Pentagon Channel Goes Off the Air

An Air Force NCO rehearses as part of the preparation for the Chief of Staff of the Air Force transition ceremony.

11th Wing Public Affairs by Senior Airman Perry Aston

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An Air Force NCO rehearses as part of the preparation for the Chief of Staff of the Air Force transition ceremony.

Programming to move online or to the Armed Forces Network.

The U.S. military’s internal television network once known for “The Grill Sergeant,” “Fit for Duty” and the euphemistically named “FNG” will soon be no more. The Defense Department will stop broadcasting the Pentagon Channel this week after concluding that it needed a more cost-efficient and relevant way of delivering news and entertainment programming just for service members and their families.

The Pentagon announced Tuesday that as of April 17 the network once known as the Pentagon Channel and now known as “DoD News” will discontinue service as an independent channel, but will continue to produce and air “current military news and information” on another military network known as the Armed Forces Network, and on the Internet.

Pentagon spokesman Col. Steve Warren said the decision was made for a few different reasons. “We’re operating in a time of constrained resources and this is one of the tough decisions we’ve had to make, to eliminate the broadcast component of ‘DoD News,’” Warren told Defense One. Programming will air on the Defense Department’s Armed Forces Network for service members overseas or on the Internet. “We think the future is in online anyways,” he said.

Indeed, the technology had changed the thinking of what could be done, according to a Pentagon statement.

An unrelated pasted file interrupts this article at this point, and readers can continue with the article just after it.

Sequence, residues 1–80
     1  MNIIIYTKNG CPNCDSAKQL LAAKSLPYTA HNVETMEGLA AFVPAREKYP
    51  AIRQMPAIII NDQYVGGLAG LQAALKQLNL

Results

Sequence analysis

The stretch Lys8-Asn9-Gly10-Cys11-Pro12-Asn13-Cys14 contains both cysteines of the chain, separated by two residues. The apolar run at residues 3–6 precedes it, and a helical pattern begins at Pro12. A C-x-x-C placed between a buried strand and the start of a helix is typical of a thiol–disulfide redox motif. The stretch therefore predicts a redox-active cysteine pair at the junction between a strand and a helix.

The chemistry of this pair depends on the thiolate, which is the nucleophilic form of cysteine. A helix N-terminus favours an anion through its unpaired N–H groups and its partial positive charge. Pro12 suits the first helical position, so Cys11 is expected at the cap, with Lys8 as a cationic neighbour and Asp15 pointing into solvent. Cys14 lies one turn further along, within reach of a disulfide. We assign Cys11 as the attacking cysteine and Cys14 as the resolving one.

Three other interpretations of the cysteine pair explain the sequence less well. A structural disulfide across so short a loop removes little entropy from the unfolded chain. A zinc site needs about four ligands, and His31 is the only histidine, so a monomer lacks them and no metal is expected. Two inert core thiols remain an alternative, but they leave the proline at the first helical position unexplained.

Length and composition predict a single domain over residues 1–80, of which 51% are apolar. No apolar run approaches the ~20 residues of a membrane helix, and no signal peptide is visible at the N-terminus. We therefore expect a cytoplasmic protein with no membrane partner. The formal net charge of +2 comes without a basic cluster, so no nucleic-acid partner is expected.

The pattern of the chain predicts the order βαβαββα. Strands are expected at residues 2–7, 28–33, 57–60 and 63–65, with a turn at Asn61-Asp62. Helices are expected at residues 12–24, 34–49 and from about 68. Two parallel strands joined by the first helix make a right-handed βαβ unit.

“The transition to these delivery methods will provide more opportunities for the military community, stationed around the world and at sea, to keep up with DoD news and events,” defense officials said in the statement. “As technology improved and audience-viewing habits changed, Internet based distribution became a more economical and efficient way to reach the military’s geographically dispersed audiences.”

Although there is a need to be able to reach service members and their families, the Pentagon has struggled to keep its television network relevant and useful as technology and viewership changed.

The wars in Iraq and Afghanistan – not to mention the regular deployment of tens of thousands of forces around the world – made it difficult to broadcast programming in the normal, linear fashion to troops in diverse time zones. And after studying the issue at some length, the Pentagon found it could be cheaper to move to a new approach.

The Pentagon Channel is different from the Armed Forces Network, or AFN, which is the typical way troops stationed overseas watch Defense Department programming, mainstream cable news and sports shows. The Pentagon Channel was conceived as a way to supply other kinds of lifestyle-oriented news and information to service members. But as the audience began to want more on-demand information, the Channel’s viewership dwindled.

The Defense Department is expected to save money on the deal, too. According to defense officials in 2013, the Pentagon Channel costs about $5 million per year.

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